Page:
The primary motivation for the work presented in this paper is to overcome the limitations that affect previous belief tracking models. The NBT model efficiently learns from the available data by: 1) leveraging semantic information from pre-trained word vectors to resolve lexical/morphological ambiguity; 2) maximising the number of parameters shared across ontology values; and 3) having the flexibility to learn domain-specific paraphrasings and other kinds of variation that make it infeasible to rely on exact matching and delexicalisation as a robust strategy.
3 Neural Belief Tracker
The Neural Belief Tracker (NBT) is a model designed to detect the slot-value pairs that make up the user’s goal at a given turn during the flow of dialogue. Its input consists of the system dialogue acts preceding the user input, the user utterance itself, and a single candidate slot-value pair that it needs to make a decision about. For instance, the model might have to decide whether the goal food=Italian has been expressed in ‘I’m looking for good pizza’. To perform belief tracking, the NBT model iterates over all candidate slot-value pairs (defined by the ontology), and decides which ones have just been expressed by the user.
Figure 3 presents the flow of information in the model. The first layer in the NBT hierarchy performs representation learning given the three model inputs, producing vector representations for the user utterance (), the current candidate slot-value pair () and the system dialogue acts (). Subsequently, the learned vector representations interact through the context modelling and semantic decoding submodules to obtain the intermediate interaction summary vectors and . These are used as input to the final decision-making module which decides whether the user expressed the intent represented by the candidate slot-value pair.
3.1 Representation Learning
For any given user utterance, system act(s) and candidate slot-value pair, the representation learning submodules produce vector representations which act as input for the downstream components of the model. All representation learning subcomponents make use of pre-trained collections of word vectors. As shown by Mrkšić et al. Mrkšić et al. (2016), specialising word vectors to express semantic similarity rather than relatedness is essential for improving belief tracking performance. For this reason, we use the semantically-specialised Paragram-SL999 word vectors Wieting et al. (2015) throughout this work. The NBT training procedure keeps these vectors fixed: that way, at test time, unseen words semantically related to familiar slot values (i.e. inexpensive to cheap) will be recognised purely by their position in the original vector space (see also Rocktäschel et al. Rocktäschel et al. (2016)). This means that the NBT model parameters can be shared across all values of the given slot, or even across all slots.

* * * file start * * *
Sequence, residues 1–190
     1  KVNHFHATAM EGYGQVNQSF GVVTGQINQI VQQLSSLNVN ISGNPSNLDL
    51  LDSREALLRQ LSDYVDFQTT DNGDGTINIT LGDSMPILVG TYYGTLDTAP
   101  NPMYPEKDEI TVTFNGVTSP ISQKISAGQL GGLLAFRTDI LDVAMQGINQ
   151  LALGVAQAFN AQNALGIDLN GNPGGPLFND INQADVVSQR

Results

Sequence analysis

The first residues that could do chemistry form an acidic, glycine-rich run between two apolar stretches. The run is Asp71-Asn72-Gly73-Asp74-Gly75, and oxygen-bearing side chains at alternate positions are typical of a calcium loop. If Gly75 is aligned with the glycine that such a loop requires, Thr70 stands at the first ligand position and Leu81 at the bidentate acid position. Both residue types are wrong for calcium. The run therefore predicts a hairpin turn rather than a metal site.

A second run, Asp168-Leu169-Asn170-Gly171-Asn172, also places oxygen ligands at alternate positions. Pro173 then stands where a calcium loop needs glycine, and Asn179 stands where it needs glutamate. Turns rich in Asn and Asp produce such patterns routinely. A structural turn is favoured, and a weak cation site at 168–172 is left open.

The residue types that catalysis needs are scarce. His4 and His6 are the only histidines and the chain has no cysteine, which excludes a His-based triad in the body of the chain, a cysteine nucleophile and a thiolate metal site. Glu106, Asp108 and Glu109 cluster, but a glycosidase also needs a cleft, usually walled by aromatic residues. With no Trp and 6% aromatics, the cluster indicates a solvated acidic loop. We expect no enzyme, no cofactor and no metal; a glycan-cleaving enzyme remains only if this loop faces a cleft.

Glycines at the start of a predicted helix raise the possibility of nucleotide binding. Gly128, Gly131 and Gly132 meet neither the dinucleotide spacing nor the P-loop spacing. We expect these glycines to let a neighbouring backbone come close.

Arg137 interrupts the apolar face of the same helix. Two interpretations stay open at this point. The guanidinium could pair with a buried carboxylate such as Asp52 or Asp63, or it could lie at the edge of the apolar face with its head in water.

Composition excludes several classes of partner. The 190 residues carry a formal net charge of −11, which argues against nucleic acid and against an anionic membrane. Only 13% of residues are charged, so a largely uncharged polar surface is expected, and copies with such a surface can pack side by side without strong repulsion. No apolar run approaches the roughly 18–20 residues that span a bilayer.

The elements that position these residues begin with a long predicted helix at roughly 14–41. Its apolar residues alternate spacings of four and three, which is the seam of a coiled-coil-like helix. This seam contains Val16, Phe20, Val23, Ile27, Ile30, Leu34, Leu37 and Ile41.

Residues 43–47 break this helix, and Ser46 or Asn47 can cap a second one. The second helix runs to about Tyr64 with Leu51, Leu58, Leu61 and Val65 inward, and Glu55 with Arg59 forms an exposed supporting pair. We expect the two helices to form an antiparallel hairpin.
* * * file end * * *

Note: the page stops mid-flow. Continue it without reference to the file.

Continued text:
Let represent a user utterance consisting of words . Each word has an associated word vector . We propose two model variants which differ in the method used to produce vector representations of : NBT-DNN and NBT-CNN. Both act over the constituent -grams of the utterance. Let be the concatenation of the word vectors starting at index , so that:
where denotes vector concatenation. The simpler of our two models, which we term NBT-DNN, is shown in Figure 4. This model computes cumulative -gram representation vectors , and , which are the -gram ‘summaries’ of the unigrams, bigrams and trigrams in the user utterance:
Each of these vectors is then non-linearly mapped to intermediate representations of the same size:
where the weight matrices and bias terms map the cumulative -grams to vectors of the same dimensionality and denotes the sigmoid activation function. We maintain a separate set of parameters for each slot (indicated by superscript ). The three vectors are then summed to obtain a single representation for the user utterance:
The cumulative -gram representations used by this model are just unweighted sums of all word vectors in the utterance. Ideally, the model should learn to recognise which parts of the utterance are more relevant for the subsequent classification task. For instance, it could learn to ignore verbs or stop words and pay more attention to adjectives and nouns which are more likely to express slot values.